Bell, Levin lead Oak Park's revival

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Bell, Levin lead Oak Park's revival

Ka'Darryl Bell, Gabe Levin and Alex Nesnidal have been playing basketball together since seventh grade. In fact, Bell preferred playing football and quarterback until his friends coaxed him into realizing that basketball and point guard were better choices.

"I was always athletic and I liked the aggressiveness in football," Bell said. "But I twisted my knee in the state final in the Pop Warner League and was out for four or five months. That shied me away from football. I began to concentrate on basketball.

"When I was a freshman, everybody wanted me to try out for football but I didn't want to. I love the competitiveness in football. But it requires more skill to play basketball, more than quickness. I've always been a point guard. You have to know the players on the floor."

Bell, a 6-foot-1 senior who is committed to Bradley, and Levin, a 6-foot-7 senior who likely will attend a prep school before moving on to a Division I program, are the reasons why Oak Park is in first place in the West Suburban Conference's Silver Division.

The Huskies are 14-5 going into this weekend's conference games against Proviso West and Lyons. They'll meet fast-finishing York next Tuesday. In his fourth season, coach Matt Maloney is seeking the school's first regional title since 2008 and first trip to the state finals since 1976.

"Bell and Levin are our two best players, the two best players in the conference," Maloney said. "Our other players are able to accept and embrace and willing to buy into their minor supporting roles. We have good kids with high academic ability and good leadership on and off the court. We have no off-the-court issues."

Best of all, the Huskies are healthy. Bell (13 ppg, 4 assists, 3 steals) suffered torn ligaments in his wrist and missed most of December. Now he claims he is back to 100 percent efficiency.

In his absence, Levin (20 ppg, 10 rpg, 3 assists, 3 steals) carried the team, which went 9-1 during one stretch. In recent games, he had 23 points and 11 rebounds against Evanston, 20 points and nine rebounds against Glenbard West and 32 points and 11 rebounds in last Friday's 63-62 overtime loss to Hinsdale Central.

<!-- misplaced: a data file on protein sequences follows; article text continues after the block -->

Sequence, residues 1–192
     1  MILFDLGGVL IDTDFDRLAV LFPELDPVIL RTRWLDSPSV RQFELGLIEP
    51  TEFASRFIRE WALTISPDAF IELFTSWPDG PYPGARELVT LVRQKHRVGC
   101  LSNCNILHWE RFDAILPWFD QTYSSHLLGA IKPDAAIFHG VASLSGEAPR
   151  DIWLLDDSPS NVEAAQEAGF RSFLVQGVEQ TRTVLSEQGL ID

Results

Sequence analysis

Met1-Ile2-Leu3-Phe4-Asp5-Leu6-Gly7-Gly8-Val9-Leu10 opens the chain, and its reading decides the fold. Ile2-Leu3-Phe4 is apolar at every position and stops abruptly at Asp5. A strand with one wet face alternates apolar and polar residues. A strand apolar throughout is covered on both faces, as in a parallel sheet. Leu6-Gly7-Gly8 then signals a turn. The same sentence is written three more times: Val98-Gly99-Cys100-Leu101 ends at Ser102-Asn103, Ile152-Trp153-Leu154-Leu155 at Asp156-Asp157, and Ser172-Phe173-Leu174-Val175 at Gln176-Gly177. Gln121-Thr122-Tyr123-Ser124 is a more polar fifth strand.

"The coach didn't tell me to step up but my teammates told me to step up. It brought more confidence to my game. I'm just staying more aggressive," Levin said. "As a team, we are so passive, anyone can have a great game. It's just how I started to play, getting on the boards all the time and not taking any plays off."

But the loss to Hinsdale Central, even though it didn't affect their conference standing and likely won't damage their sectional seeding behind unbeaten and second-ranked Proviso East, served as a wake-up.

Afterward, 5-foot-8 junior guard Jakari Cammon was the first to get everybody's attention. "This can't happen again if we want to be great," he told his teammates.

Then Bell chimed in: "We have to take responsibility for our own actions. It wasn't one person who messed up, it was the whole team."

"I was speechless," Levin admitted. "I couldn't believe we had lost at the buzzer. By the time we got back on the bus, we were all on the same page. We learned we have to be ready to play from the tip-off."

Maloney reminded his players that they must play four consistent quarters. "There have been few games when we play consistently from start to finish. We could be dangerous if we play hard from the tip-off rather than in the second or third quarter," he said.

"We can't come out and beat Glenbard West by 27 points and then lose to Hinsdale Central," Bell said. "We never play all four quarters as a team. We can control it. We must come out and play hard from the beginning.

"Last year's teams was all over the place. They didn't know their roles. Everybody wanted to be the man and score 20 points per game. We know our roles. Everybody plays their roles. Statistics don't matter. There are no egos, no jealousy. These guys are willing to give up something to benefit the team."

There is a sign in Oak Park's locker room that motivates Bell, Levin and the other players. "How do you want to be remembered?" it says. "We want to be remembered as one of the great teams ever to come out of Oak Park. We want to go deep into the playoff," Levin said.

"The loss to Hinsdale Central will be beneficial down the road. If we have another let-up, it will be a surprise to me. We know we can't let that happen again if we want to have a great team. When our defense is on, it's hard for a team to run its plays against us."